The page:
“No. No way. He’s done [this season],” Danny Ainge, Celtics president of basketball operations, said on 98.5 the Sports Hub’s "Toucher & Rich" show this morning.
 
Ainge said there’s still swelling in the hip, and it probably won’t go down enough for doctors to make a determination whether surgery is needed for another couple weeks.

Thomas was in New York City earlier this week visiting a hip specialist. He's expected to consult with at least two more before making a decision as to what's the best course of treatment.
 
“Everybody agrees if there’s anything that needs to be done to it surgically, it helps...if the inflammation goes down,” Ainge said. “The recovery [time] would be quicker.”
 
The injury initially occurred on March 15 against Minnesota.
 
Ainge said he didn’t become too concerned about it until after Thomas re-aggravated it in Game 6 of the second-round series against Washington and was questionable to play in Game 7.
 
“I was worried going into the Cleveland series that he was nowhere near himself in Game 1 or 2,” Ainge said. “And Game 2 in the second quarter it was clear he was in a lot of pain. No way we could go out and allow him to play the second half.”
 
Boston was blown out 130-86 in Game 2. In the first half, Thomas had two points and six assists, while missing all six of his shots from the field.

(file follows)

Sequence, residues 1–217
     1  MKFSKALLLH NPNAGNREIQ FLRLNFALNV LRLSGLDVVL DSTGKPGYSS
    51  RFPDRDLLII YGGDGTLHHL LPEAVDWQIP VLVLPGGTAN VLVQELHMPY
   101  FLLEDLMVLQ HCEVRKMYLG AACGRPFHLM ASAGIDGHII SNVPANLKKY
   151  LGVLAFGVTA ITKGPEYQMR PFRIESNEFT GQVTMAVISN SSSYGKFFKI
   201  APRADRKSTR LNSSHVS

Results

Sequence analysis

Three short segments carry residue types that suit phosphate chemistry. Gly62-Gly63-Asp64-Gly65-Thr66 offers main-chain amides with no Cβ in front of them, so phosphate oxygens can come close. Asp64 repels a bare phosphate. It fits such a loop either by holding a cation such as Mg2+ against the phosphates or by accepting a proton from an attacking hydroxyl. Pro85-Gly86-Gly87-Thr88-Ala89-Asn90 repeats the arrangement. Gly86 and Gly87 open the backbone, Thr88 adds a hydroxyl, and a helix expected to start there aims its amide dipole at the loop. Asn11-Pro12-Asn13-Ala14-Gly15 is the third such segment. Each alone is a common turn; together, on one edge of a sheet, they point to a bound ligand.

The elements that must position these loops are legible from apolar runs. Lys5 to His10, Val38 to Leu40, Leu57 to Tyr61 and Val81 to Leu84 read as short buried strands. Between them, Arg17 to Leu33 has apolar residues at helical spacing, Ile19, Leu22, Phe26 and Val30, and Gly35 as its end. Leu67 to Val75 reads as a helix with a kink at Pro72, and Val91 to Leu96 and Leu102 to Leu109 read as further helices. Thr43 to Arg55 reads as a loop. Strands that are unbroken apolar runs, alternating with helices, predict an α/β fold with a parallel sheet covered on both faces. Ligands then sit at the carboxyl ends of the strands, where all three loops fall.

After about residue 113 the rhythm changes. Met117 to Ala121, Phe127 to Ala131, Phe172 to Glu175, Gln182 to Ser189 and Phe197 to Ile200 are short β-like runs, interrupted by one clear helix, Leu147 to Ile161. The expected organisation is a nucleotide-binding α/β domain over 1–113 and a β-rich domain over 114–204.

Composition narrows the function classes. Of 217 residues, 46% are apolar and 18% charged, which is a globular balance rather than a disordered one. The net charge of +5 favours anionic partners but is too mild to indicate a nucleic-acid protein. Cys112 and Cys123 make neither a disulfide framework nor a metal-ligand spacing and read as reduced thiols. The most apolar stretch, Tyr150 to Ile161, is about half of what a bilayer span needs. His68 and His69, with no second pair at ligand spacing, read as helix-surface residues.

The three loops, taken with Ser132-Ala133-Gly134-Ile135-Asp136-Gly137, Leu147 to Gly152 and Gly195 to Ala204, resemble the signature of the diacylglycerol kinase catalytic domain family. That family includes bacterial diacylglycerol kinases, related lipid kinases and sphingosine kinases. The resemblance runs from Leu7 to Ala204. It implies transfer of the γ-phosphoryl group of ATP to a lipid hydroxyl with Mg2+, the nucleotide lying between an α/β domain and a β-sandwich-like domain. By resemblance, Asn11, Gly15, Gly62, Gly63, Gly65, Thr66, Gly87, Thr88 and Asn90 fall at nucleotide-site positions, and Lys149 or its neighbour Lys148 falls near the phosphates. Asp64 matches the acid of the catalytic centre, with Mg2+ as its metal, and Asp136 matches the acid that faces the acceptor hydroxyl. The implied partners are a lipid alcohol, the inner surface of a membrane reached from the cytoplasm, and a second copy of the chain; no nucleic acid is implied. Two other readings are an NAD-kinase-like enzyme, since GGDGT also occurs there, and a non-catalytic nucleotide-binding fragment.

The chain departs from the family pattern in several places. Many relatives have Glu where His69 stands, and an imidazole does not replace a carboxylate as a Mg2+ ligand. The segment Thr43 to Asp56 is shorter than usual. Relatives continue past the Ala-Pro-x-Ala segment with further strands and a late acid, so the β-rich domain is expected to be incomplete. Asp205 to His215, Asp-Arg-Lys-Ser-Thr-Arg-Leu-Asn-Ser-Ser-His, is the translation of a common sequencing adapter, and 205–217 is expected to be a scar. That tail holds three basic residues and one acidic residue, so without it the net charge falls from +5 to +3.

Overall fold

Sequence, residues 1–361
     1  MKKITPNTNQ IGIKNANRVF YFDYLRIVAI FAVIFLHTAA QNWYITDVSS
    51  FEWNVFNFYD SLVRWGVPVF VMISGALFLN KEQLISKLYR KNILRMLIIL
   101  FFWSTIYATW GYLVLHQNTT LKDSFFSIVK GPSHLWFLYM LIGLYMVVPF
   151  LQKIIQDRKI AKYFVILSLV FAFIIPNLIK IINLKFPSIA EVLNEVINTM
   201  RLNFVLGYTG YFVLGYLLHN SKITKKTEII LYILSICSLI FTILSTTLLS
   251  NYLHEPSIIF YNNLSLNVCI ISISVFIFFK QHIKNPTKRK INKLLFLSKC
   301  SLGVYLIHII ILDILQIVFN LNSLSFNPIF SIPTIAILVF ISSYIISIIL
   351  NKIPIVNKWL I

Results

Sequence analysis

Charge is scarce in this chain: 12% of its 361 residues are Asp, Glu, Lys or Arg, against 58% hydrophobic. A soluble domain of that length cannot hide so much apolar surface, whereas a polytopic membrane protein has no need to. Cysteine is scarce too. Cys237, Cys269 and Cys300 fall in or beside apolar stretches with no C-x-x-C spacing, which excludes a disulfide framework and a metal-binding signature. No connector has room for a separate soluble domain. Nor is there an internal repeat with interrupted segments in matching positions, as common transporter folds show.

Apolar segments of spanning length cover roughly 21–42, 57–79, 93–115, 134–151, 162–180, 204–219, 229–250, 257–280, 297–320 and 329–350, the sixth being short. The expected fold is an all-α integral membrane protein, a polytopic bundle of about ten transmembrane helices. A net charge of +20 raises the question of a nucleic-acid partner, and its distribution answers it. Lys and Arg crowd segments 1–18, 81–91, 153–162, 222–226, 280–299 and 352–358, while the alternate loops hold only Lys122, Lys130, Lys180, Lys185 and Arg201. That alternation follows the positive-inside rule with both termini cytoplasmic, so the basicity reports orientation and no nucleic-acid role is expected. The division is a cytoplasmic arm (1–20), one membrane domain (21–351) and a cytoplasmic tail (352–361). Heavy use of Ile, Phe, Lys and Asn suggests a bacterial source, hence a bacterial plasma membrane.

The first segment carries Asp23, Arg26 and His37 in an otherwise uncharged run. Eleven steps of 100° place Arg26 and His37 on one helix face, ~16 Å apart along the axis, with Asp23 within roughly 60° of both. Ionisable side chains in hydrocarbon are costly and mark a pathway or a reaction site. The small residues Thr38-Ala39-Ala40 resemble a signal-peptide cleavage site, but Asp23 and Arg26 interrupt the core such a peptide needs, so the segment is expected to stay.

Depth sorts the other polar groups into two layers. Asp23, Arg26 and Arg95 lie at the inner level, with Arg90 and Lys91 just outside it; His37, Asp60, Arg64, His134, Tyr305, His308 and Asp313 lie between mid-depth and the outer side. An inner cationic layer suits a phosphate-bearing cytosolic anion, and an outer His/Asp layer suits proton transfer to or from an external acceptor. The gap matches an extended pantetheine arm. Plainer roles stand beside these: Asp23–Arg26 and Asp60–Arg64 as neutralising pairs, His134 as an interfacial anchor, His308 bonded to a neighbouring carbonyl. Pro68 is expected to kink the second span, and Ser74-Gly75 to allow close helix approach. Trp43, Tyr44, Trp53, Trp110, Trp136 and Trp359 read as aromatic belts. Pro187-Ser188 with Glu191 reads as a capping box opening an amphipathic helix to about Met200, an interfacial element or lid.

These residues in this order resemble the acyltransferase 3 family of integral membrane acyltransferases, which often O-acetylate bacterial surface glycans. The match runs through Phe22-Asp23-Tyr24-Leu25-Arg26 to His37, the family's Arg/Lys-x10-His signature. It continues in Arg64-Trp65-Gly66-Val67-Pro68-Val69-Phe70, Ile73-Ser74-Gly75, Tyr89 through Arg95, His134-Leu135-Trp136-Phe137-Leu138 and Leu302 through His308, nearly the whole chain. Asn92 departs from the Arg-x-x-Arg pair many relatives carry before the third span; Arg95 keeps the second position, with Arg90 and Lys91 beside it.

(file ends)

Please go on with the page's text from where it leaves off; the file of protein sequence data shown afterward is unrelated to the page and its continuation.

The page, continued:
Ainge said there was “a lot” of irritation and inflammation around the affected joint in Thomas' right hip.
 
“It had gotten worse from the MRIs he had before,” said Ainge, who added that it would have been “irresponsible to allow him to play anymore.”
 

Danny Ainge says Lonzo Ball has declined pre-draft workout with Celtics

Danny Ainge says Lonzo Ball has declined pre-draft workout with Celtics

BOSTON -- Like most NBA executives, Danny Ainge loves to get as much intel on players before picking them as he can.  
 
And with the No. 1 overall pick, Ainge knows he has to do all he can to absolutely get this one right.
 
That’s why any thoughts he had of drafting Lonzo Ball are likely out the window after the talented UCLA guard refused to work out for the Celtics.
 
“We tried to get him in for a workout and he politely said no,” Danny Ainge, Boston’s president of basketball operations, said on 98.5 the Sports Hub’s Toucher & Rich show.
 
Lonzo Ball’s desire (or his dad Lavar Ball’s desire; hard to say who in the Ball camp wants him in L.A. the most) to play for the Los Angeles Lakers is one of the worst-kept secrets leading up to next month’s NBA draft.
 
And with the Lakers holding the No. 2 pick in the draft, turning down the Celtics only increases the likelihood of  Boston passing on him and instead drafting University of Washington star Markelle Fultz.
 
“It’s not ideal,” Ainge said of Ball's decision to decline working out for Boston. “Listen, we’ve drafted guys that wouldn’t come in for workouts before. It’s not the end of the world. We’ve watched them play a ton. We have a lot of information on them. Sometimes players don’t want to come in, not because they don’t like you, they see our roster. They think they would prefer to go to another team.”
 
The Celtics, like most teams, have been mum publicly as to who they would take in the draft. But all indications at this point in the process are pointing towards them selecting Fultz with the top overall selection.
 
And the fact that Ball, the projected number two pick even before the draft lottery order was established, refuses to work out for Boston will only increase the likelihood that Fultz will be a Celtic and Ball and his camp will get their wish which has always been to don a Los Angeles Lakers jersey.